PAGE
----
Face it: No one likes to sit through a dull but necessary airline safety video. Your plane's about to depart and it's already been an ordeal getting to the airport, getting through security checkpoints, getting onto the plane, getting your bulging carry-on bag wedged into the overhead compartment and climbing over the old drowsy woman to get into your seat. The last thing you want to pay attention to is a droll, TV screen attendant instructing you how to buckle the seat buckle you've probably already buckled.
It was a pleasure, then, to view this delightfully animated, amusing safety video on Virgin America a few years back, featuring a matador seated next to a bull and a nun on her laptop, among other things. It used sharp, whimsical humor and creative animation to underscore its serious instructions, and had a reassuring, engaging quality that all other safety videos I'd seen had lacked.
Imagine my horror then, the next time I flew Virgin America, and witnessed this abomination: a five-minute long, professionally-choreographed singing and dancing video, complete with a young girl rapping the oxygen mask instructions, a Devo/Kraftwerk-inspired team in dark suits to demonstrate life preservers, and a young boy with an Afro to lip synch the no-smoking warning in a baritone voice.
It's expertly done, it's wonderfully produced, and it completely, utterly fails at its job. You become so distracted by the song and visuals you pay almost no attention to anything they are saying. I'm sure the video has a lot of fans, living in our narcissistic, celebrity-driven age (if this Times Square "opening" is any indication), but I was relieved to learn that a video this wrongheaded was only being used on one airline.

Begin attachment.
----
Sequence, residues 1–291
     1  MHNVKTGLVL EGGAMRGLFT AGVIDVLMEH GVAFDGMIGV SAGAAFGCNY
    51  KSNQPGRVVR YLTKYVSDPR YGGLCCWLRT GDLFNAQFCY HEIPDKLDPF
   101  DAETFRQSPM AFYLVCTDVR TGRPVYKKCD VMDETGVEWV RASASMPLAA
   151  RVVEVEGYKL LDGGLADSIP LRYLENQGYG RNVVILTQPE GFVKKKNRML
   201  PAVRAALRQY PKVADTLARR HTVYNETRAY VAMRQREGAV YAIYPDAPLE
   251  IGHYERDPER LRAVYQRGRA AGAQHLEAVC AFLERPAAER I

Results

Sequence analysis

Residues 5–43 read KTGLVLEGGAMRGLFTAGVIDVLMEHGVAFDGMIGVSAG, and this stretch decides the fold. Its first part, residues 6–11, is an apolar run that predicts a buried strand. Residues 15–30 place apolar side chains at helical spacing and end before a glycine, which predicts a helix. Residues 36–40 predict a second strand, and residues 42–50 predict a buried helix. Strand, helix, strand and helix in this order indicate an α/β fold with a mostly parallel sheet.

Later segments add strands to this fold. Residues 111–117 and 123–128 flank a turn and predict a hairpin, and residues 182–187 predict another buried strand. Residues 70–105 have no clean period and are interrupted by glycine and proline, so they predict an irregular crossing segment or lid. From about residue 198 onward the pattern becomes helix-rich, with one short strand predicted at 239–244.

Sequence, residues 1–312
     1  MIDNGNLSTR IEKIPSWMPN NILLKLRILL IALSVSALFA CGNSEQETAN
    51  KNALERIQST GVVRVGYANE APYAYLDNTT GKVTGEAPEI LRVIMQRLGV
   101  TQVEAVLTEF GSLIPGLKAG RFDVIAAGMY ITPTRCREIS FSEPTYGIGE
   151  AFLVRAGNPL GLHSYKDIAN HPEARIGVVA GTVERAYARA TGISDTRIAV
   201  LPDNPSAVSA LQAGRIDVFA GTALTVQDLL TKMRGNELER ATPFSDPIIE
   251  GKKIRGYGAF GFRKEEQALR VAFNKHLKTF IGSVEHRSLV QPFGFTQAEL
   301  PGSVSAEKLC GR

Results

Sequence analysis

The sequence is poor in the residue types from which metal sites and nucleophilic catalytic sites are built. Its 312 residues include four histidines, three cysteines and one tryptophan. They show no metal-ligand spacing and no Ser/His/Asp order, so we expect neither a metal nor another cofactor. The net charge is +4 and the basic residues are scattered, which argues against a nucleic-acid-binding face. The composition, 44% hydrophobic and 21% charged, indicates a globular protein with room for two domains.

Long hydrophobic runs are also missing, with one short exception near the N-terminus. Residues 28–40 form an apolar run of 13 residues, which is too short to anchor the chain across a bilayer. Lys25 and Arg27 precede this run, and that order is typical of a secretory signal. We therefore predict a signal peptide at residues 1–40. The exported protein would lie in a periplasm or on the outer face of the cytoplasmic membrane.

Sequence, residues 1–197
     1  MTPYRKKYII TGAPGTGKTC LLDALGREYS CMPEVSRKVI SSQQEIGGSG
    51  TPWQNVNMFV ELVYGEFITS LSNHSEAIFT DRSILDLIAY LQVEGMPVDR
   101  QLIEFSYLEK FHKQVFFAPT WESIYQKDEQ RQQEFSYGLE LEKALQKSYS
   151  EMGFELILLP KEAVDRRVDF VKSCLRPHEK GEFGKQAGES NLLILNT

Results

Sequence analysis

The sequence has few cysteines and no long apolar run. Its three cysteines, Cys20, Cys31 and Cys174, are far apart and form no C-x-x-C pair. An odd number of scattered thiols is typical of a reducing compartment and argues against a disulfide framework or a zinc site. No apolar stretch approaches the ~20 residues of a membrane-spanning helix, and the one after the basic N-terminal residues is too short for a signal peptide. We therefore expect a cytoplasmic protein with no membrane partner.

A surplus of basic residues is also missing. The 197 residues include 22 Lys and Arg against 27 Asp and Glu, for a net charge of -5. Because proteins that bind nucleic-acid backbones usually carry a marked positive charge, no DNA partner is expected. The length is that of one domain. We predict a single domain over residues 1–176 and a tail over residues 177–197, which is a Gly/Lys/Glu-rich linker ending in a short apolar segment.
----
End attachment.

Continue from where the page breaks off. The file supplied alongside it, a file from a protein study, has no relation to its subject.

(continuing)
Take it away, El Al Israel, with your cheesy 1980s music video sendup. Or how about Kiwi Air's disco safety instructions, featuring none other than Richard Simmons? And maybe the lamest performance I've seen yet, these live dancing Cebu Flight attendants! (There is also a version with females.)
The last thing I will ever accuse myself of being is a grumpy old man on his porch rocker, but something just feels wrong and untrustworthy about an airline that interprets its safety policy as an episode of Dancing With the Stars. Sorry, YouTube subscribers, but I find this an embarrassing, ill-conceived trend that needs to have its recliner button pushed and be put to sleep. Immediately.
Or maybe we just need more Hobbits.